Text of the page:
Omar Gonzalez, Construction Due Diligence team, explains how his services support the banks and financiers that are lending to the sector, and why due diligence in the sector is becoming more important as the pursuit of yield intensifies.
Q. Which types of financier does the Due Diligence team predominately work for?

A. We normally work for banks, investment funds and fund managers who invest in infrastructure assets (including schools, universities, office blocks, retail park buildings, renewable energy, hospitals, roads etc). We help them ensure their interests and investments are protected by adequate insurance, so we review limits, the scope of cover, wording language and ensure that essential lender clauses and extensions have been included in the insurances procured by the borrowers (‘operating partners’).

We also ensure that the operating partners are complying with the insurance terms of any loans or facilities and point out any areas of non-compliance, then negotiate with the operating partners’ brokers to reach a suitable solution. We also evaluate the insurance markets selected by the brokers and comment on suitability for the project in question.

Finally, They are aware that if they choose not to engage a Lenders Advisor that they are taking the risk that the operating partner might not purchase the right type of insurance, that the selected insurers might not have the right expertise, that the scope of cover is limited or that the key clauses and extensions are not included.

In the worst cases, I’ve seen policies where the lender has not even been included as a co-insured on the policy! Often these can just be a result of an oversight from a placing broker - but from a financier perspective, this leaves them exposed if not addressed.

As investors remain focused on yield, this does mean that some are looking for larger projects or considering projects with more complex risks, so it is essential that financiers have confidence that the right insurance cover is in place.

Q. Can you provide an example of when something went wrong?

A. A big European institutional investor asked us to review the insurances for one of their projects, which is located in Africa. The loan agreement made it a requirement that the insurances contained certain Lenders Clauses, which all insurers and reinsurers had to agree on.

The placement included more than 30 insurers and reinsurers per class of business. The operating partner’s broker had finalised the placement yet several of the chosen markets had not agreed the lenders clauses. This was one of the many issues which were uncovered during the due diligence process.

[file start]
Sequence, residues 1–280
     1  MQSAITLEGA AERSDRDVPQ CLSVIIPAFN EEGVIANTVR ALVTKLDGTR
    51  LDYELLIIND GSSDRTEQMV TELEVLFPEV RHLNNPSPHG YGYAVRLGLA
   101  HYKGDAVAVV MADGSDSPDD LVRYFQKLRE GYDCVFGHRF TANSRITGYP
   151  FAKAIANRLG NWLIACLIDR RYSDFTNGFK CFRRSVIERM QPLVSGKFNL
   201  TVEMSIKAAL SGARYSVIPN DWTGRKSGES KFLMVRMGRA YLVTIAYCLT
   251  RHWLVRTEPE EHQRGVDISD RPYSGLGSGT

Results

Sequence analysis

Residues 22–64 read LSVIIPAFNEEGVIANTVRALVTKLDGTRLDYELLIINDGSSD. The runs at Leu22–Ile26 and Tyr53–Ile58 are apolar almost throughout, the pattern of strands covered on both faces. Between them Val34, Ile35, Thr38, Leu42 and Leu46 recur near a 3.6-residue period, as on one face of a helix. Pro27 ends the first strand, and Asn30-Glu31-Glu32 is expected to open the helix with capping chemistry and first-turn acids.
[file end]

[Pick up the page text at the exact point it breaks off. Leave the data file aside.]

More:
This rendered the operating partner’s insurance non-compliant and also put our client at risk. Had a claim occurred, our client would have had little recourse. This is why it is important to carry out due diligence on both existing and new projects.

Q. Are you seeing any particular trends at the moment?

A. Many lenders when refinancing are deciding to have us sense check the facility insurance requirements and improve its requirements if needed. Increasingly they are moving away from copying and pasting the existing requirements and are instead going for a more tailored approach, with the insurance clauses pretty much being drafted from scratch.

Q. What might change for due diligence in the next few years i.e what external factors are shaping how lenders/project stakeholders are behaving or the projects they are investing in?

A. The economy will always dictate the strategies that lenders will use to select their investments and insurance market cycles will also play a part in that. However, I’m seeing a lot of activity in the refinancing of existing projects as well as an uptick in construction activity for Grade A office blocks, refurbishments of older stock in city centres, and also developments in industrial estates. It seems like re-generation of existing sites is gaining more interest. I’m also seeing a lot of new investment in the renewable energy sector.

Q. If you had a top tip for companies that should be using Due Diligence services but currently don’t, what would it be?

A. Due diligence gives you peace of mind; it ensures an expert helps with the drafting of insurance requirements (refinancing/new deals only), reviews the insurances (either proposed or existing at the different stages) and ensures your interests are protected.

If due diligence is not used you’re relying solely on the word of your operating partner that they are complying with the Project Agreement Insurance requirements, that the covers are suitable and that appropriate insurers have been selected. Most lenders I work with simply aren’t happy passing this responsibility to the operating partner when they have so much to lose.

Why Gallagher?

Our Construction division arranges insurance for UK and international contractors and designs bespoke owner-controlled programmes across a wide spectrum of projects. Our clients range from contractors and engineers, to sponsors, financiers and government local authorities. With our help, project stakeholders can identify, mitigate and transfer risk more strategically.

We offer products and services to enable our clients to manage complex risks of all sizes:

  • Construction / Erection All-Risks
  • Delay in Start-Up
  • Pre-handover & Operational Risks
  • Business Interruption
  • General & Third-party Liability
  • Marine Cargo
  • Latent Defects
  • Environmental / Pollution Liability
  • Terrorism & Political risk
  • Mergers & Acquisitions
  • Legal Indemnity.